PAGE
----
Patient Responsibility News

Patients Support Efforts to Cut Out-of-Pocket Drug Costs for Seniors

Specifically, patients support policies to stabilize Medicare Part D, which could in turn reduce out-of-pocket drug costs.

out-of-pocket drug costs

Source: Thinkstock

By Sara Heath

- Patients largely support legislative measures that would stabilize the Medicare Part D program, stating that such measures could reduce rising patient financial responsibility and out-of-pocket drug costs, according to a Morning Consult poll conducted on behalf of the National Community Pharmacists Association (NCPA).

The survey of nearly 2,000 registered voters indicated that certain policies that work to reduce out-of-pocket drug costs for seniors are especially popular among constituents.

Specifically, respondents want to see pharmacy benefit managers (PBMs) play a smaller or less influential role in pharmacy affairs.

Patient respondents expressed interest in PBMs and healthcare payers passing drug discount savings onto seniors, with 93 percent of all respondents expressing such. Eighty-four percent of respondents said they want PBMs to stope charging retroactive fees for medications. Those retroactive fees often add to the growing out-of-pocket costs patients incur for their medications.

Ninety-two percent of respondents said seniors should be allowed to access medications at the pharmacy of their choosing, which could also reduce patient healthcare costs. This policy could encourage price shopping by allowing patients to purchase their medications from the least expensive provider.

Patients will largely reward Congressional candidates who run on these policies, the survey showed. Specifically, 75 percent of patients said they would support a candidate who voted to limit PBMs’ capabilities to charge retroactive pharmacy fees.

Respondents also said there should be more freedom in the pharmacist-patient relationship. Eighty percent of respondents said pharmacists should be allowed to tell patients about less expensive drug options, for example.

These survey results indicate patient sentiment for public policies regarding pharmaceuticals, according to B. Douglas Hoey, MBA, NCPA CEO.

"Healthcare issues ranked high among concerns in this nationwide survey of nearly 2,000 registered voters – and particularly concerns related to the Medicare Part D prescription drug benefit," said Hoey, who is also a pharmacist. “Respondents voiced strong concern about the perverse incentive pharmacy benefit managers have to raise drug prices, including retroactive fees PBMs charge pharmacies that have the effect of pushing Medicare beneficiaries more quickly into the coverage gap – the so-called 'donut hole' – and eventually into the catastrophic phase."

These concerns may be well-founded, as other evidence has indicated that healthcare and drug costs are rising for patients. A June 2018 Avalere report showed that Medicare Part D beneficiaries are paying more for generic prescription drugs, despite the fact that the market price for those drugs has remained unchanged.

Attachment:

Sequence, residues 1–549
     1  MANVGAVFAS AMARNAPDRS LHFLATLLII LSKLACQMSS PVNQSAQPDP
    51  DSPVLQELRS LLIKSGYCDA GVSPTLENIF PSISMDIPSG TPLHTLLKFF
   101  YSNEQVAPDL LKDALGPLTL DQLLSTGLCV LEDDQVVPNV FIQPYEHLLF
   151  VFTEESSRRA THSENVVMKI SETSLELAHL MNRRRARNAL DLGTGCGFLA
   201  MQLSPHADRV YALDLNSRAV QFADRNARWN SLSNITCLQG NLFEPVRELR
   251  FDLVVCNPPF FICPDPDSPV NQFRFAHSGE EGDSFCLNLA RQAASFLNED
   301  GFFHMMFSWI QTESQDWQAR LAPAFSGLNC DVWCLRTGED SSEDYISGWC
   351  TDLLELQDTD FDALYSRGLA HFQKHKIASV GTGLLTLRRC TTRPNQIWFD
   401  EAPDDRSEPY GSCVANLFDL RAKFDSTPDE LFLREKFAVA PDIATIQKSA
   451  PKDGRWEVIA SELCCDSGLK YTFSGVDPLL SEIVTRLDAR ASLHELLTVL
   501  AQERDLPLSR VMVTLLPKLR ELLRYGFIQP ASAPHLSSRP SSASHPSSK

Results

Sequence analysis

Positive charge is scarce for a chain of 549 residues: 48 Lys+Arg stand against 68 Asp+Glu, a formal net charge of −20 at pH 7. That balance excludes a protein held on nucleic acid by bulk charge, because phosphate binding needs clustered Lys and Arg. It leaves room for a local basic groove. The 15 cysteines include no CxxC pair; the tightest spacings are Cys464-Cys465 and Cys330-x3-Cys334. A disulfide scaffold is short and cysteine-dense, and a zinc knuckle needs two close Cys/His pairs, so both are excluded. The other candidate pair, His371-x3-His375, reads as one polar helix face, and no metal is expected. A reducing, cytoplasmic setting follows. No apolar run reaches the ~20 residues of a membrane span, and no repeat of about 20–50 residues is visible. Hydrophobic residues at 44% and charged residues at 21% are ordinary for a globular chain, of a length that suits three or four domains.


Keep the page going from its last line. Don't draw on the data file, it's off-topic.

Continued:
This trend likely stems from the changing tier on which these drugs are placed in payer formularies, the analysis explained. Drug formularies are lists of preferred drugs for different health plans, in some cases determined by clinical effectiveness and value of the drug. Prescription drug cost and patient cost-sharing are a part of that value calculation in some cases.

More generic drugs are being placed on higher formulary tiers, meaning they are placed on tiers that will eventually cause patients to pay more out-of-pocket for the medication. Fifty-three percent fewer drugs were placed on the lowest formulary tier between 2011 and 2015, the report showed.

This shift in formulary placement ended up costing patients nearly $6.2 billion, a 93 percent jump in patient cost sharing during that four-year period.

Even patients are not paying directly out-of-pocket for their medications, they are seeing the costs elsewhere. A May 2018 analysis from America’s Health Insurance Plans (AHIP) showed that nearly one-quarter of patient spending on insurance premiums go toward drug costs. This means that, although not indicate of out-of-pocket costs, patients are still dedicating a considerable amount of their healthcare dollars toward prescription drug costs.

To its credit, federal policymakers reportedly want to cut patient cost-sharing. Earlier this year, the Trump Administration issued a blueprint for lowering drug prices for patients. Among other proposals, the blueprint called for better price transparency and potential amendments to the 340B program and Medicare Part D.

Since the publication of that blueprint, CMS has updated its drug price transparency dashboard that should help patients make informed decisions about their own healthcare purchasing options. HHS has also recently announced greater oversight of the 340B program to ensure hospitals use discounted prices for their intended use and pass on cost savings to patients.

However, critics of the blueprint say it raised more questions than answers and has offered limited insight into how HHS and CMS will tackle the rising drug cost issue.


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